With over 2,000 exhibitors from 42 countries and some 250,000 visitors, BAU is an ideal forum for the high-profile presentation of sustainability – and thus of the Cradle to Cradle approach. That is why Drees & Sommer has organized the C2C Day jointly with EPEA Internationale Umweltforschung on January 17, 2017, specifically addressing planners and product manufacturers. The focus of the event is on current trends and developments in the area of C2C. For the first time, the newly developed Cradle to Cradle certificate will be presented to the manufacturers Schüco, Strähle and the Lindner Group. Drees & Sommer supports the certification process for construction products.
The company integrates Cradle to Cradle requirements into project planning using Circular Engineering. The Drees & Sommer C2C experts advise principals and investors on the selection and use of appropriate building materials both in new buildings and in the remodeling of the established buildings. In addition to their usability in technical and biological cycles, materials used are examined to ensure, for example, that they do not pose a risk to human health or harm the environment. Energy and water management during production and social standards at the production site are also evaluated. In addition, building materials are transparently recorded in a Material Passport to ensure that, following demolition or remodeling at a later date, they can be reused without loss of quality. This recycling approach transforms the building into a raw material repository, whose value continuously increases, and allows potential increases in value to be reliably calculated. According to Drees & Sommer calculations, Cradle to Cradle can achieve value increases of up to ten percent compared to conventional buildings.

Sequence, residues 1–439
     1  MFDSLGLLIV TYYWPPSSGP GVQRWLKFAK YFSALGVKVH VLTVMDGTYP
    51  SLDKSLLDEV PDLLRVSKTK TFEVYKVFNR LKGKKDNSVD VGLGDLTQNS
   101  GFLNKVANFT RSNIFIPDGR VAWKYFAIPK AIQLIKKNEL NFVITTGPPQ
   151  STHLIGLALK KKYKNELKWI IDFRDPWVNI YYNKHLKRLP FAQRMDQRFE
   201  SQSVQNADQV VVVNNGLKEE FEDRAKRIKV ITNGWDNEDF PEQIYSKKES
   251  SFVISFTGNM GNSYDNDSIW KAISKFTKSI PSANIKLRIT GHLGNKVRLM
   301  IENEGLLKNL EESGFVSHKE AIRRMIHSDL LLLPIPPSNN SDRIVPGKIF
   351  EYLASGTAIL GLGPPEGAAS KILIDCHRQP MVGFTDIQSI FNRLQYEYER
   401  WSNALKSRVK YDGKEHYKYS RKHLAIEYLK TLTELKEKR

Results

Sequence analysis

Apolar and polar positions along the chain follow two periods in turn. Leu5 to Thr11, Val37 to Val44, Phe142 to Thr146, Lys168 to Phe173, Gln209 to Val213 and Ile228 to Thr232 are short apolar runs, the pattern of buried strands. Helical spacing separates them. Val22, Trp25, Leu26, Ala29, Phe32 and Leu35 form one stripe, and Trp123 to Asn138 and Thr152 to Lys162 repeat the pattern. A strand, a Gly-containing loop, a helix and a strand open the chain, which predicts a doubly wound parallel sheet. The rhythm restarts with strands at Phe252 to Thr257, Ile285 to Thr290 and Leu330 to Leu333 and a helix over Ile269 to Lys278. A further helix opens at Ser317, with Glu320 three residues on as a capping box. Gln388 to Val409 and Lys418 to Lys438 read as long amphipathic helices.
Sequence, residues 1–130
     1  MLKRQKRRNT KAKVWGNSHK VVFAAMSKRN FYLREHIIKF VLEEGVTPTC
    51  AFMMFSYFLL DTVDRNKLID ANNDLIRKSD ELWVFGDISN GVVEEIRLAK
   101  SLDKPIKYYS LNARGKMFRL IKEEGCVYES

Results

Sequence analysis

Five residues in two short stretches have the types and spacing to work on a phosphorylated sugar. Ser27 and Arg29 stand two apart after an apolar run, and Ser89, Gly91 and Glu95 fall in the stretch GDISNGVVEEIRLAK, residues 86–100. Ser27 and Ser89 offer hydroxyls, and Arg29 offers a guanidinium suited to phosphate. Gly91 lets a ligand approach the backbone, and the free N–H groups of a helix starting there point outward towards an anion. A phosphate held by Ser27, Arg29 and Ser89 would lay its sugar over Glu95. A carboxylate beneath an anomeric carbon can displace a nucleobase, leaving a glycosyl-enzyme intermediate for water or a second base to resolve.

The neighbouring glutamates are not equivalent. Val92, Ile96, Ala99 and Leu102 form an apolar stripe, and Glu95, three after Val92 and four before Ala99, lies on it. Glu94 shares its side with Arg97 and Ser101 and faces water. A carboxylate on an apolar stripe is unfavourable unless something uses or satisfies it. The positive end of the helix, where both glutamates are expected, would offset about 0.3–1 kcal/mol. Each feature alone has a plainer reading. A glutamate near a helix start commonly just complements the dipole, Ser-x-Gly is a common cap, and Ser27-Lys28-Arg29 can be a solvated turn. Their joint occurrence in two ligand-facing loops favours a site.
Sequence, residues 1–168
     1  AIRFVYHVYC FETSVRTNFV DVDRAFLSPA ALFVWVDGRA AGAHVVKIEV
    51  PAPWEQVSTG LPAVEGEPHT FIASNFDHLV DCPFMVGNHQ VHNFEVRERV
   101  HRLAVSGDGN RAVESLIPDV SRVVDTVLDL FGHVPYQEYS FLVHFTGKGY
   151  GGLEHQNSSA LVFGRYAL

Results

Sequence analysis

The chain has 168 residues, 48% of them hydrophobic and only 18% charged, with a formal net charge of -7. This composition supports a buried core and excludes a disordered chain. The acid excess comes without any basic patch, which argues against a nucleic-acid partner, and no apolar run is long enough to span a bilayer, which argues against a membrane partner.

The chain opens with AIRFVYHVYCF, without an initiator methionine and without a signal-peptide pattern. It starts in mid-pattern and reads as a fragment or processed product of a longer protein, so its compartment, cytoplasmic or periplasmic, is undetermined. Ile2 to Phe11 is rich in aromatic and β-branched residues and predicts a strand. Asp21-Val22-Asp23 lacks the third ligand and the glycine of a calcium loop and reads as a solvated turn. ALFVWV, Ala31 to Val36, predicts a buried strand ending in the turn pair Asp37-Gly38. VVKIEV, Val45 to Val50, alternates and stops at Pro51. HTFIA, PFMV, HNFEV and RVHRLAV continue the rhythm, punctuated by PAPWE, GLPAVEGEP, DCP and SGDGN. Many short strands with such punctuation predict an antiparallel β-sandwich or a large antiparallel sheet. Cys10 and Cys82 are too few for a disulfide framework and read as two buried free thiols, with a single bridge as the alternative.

C2C in the construction industry: Making a virtue of necessity
The construction industry uses 50 percent of resources and generates a good 60 percent of waste in Europe. But the Cradle to Cradle principle in the construction industry helps to install the raw materials in buildings in such a way that they can be used as raw material for new projects at the end of their first service life. In this way, components and materials become part of a closed cycle. Instead of producing mountains of rubble each time a building is demolished, all materials can be fully recycled without loss of quality.